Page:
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There’s cause for optimism about the future of health care, according to panelists who discussed the topic at the Wharton Economic Summit 2013. While the panelists agreed on the enormity of the challenges posed by rising health care costs, increased demand and the need to rein in spending while still being patient-centric, all believed that the outlook for health care would be better by the end of the decade.
From: April 30, 2013
In India, recent rulings to deny patent protection for drugs manufactured by Western pharmaceutical firms have cast doubt on whether the industry can make a profit in the world's second-most populous country. They also add fire to the growing debate over whether the industry's obligation to provide access to life-saving medicine should outweigh its drive for profits. According to experts, the rulings will make pharmaceutical multinationals think twice about their overseas strategies -- particularly with regard to innovative drugs.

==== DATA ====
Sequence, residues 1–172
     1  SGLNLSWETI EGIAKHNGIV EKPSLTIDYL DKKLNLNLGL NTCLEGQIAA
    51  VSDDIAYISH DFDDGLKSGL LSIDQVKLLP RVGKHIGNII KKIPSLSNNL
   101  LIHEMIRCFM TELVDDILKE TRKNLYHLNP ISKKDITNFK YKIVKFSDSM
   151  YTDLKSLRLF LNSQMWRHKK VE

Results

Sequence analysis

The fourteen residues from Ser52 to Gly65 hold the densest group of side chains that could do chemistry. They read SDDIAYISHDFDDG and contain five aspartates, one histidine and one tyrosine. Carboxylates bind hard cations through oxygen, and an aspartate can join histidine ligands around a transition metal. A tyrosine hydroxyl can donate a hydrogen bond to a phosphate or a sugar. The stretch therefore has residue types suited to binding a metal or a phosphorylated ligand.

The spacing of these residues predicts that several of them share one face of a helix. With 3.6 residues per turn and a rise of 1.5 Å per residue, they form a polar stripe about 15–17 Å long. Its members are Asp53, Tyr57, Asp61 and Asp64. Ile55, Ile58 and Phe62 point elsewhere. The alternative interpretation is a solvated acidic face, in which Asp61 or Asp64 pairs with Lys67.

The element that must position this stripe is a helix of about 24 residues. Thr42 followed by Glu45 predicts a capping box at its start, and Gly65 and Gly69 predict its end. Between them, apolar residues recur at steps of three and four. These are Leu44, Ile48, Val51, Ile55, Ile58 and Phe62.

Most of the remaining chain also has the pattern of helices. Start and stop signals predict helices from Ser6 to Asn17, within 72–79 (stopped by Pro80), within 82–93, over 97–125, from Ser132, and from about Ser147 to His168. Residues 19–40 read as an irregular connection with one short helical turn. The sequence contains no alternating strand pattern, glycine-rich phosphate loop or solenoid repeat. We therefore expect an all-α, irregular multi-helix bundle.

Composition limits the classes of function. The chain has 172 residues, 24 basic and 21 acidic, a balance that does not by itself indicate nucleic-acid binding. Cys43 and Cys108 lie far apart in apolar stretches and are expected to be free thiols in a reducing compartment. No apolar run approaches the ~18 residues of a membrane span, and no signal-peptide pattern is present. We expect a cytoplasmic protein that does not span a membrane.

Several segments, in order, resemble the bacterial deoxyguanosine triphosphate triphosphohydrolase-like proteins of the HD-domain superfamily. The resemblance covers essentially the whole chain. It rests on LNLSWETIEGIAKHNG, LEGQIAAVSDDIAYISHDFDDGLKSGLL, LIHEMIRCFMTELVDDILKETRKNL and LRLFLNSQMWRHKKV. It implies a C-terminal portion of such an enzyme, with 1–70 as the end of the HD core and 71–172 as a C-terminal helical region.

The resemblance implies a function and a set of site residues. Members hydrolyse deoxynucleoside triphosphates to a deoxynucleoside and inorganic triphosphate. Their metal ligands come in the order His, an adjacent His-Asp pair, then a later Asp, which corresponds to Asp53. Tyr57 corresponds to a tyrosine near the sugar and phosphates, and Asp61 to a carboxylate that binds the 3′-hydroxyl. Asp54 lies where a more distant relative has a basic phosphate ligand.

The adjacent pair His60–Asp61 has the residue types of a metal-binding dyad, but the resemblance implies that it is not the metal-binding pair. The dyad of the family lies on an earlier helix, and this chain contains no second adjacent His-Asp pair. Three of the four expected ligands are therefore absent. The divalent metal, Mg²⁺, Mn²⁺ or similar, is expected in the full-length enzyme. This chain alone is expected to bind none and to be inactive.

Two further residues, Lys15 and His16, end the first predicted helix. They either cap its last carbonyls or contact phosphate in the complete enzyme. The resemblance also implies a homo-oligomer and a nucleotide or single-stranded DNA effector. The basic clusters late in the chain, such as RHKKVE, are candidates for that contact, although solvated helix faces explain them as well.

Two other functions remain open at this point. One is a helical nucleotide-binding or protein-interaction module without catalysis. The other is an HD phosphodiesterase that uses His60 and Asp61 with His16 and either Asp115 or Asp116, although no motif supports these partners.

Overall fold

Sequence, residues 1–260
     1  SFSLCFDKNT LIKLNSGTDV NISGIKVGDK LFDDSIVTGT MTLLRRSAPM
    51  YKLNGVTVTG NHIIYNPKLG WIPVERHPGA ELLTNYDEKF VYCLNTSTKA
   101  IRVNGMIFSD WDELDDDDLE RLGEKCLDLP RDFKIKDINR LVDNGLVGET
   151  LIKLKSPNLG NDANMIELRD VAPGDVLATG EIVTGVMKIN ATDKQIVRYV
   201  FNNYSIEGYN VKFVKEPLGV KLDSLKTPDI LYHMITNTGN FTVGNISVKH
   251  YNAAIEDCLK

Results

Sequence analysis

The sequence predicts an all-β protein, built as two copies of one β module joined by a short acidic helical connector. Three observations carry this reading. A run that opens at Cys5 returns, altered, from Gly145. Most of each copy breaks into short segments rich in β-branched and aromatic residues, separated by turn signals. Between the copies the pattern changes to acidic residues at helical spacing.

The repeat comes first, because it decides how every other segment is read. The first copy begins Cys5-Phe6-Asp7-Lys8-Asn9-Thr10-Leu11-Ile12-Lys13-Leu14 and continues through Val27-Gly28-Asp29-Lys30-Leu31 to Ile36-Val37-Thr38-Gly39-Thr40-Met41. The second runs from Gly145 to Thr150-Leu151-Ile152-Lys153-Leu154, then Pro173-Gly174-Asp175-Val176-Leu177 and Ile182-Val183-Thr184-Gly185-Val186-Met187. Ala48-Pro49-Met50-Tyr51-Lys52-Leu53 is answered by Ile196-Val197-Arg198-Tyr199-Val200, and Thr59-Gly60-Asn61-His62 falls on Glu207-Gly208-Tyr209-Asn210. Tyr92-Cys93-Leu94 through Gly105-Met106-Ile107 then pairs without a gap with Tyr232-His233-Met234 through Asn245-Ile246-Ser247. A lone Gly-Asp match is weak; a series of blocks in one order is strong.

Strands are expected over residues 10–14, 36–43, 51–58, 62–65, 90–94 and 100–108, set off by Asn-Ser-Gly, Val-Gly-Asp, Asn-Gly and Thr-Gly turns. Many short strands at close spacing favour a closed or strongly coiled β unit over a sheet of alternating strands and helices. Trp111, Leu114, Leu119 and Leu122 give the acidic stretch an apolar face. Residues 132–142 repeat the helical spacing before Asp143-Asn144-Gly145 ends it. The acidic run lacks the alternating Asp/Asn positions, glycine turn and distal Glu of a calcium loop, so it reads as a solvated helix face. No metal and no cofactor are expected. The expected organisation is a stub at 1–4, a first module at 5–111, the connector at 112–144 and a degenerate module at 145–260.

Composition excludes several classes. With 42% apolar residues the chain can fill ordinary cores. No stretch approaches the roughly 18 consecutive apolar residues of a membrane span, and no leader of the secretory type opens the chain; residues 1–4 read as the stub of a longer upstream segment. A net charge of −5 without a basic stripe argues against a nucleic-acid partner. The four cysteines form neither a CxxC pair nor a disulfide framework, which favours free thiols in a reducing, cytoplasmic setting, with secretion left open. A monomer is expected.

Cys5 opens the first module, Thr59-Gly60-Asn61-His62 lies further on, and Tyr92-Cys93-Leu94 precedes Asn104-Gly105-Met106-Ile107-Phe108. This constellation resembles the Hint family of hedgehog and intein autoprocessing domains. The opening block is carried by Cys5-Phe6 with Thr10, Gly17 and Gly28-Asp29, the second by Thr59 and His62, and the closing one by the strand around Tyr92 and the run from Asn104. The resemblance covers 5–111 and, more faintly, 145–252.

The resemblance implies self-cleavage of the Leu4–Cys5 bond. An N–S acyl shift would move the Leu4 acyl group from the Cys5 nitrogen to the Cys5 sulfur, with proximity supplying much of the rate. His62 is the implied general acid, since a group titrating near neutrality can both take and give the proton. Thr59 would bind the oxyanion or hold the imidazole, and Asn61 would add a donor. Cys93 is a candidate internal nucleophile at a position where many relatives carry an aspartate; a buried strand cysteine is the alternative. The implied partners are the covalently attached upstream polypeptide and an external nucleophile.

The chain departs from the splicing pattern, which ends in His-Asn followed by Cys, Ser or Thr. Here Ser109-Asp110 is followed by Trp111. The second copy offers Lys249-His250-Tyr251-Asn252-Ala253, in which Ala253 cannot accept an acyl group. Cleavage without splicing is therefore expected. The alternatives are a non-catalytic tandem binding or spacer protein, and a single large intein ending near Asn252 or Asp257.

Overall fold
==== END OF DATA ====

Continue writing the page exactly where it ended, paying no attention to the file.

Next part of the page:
From: April 10, 2013
The Patient Protection and Affordable Care Act -- better known as Obamacare -- was signed into law by President Barack Obama in 2010. Since then, it has generated enormous amounts of debate, controversy and uncertainty. In an interview with Knowledge@Wharton, Bruce Broussard, president and CEO of Humana, the fourth-largest health care insurance group, offers his take on Obamacare and the challenges -- and opportunities -- it presents to health care stakeholders. (Video with transcript)
From: March 27, 2013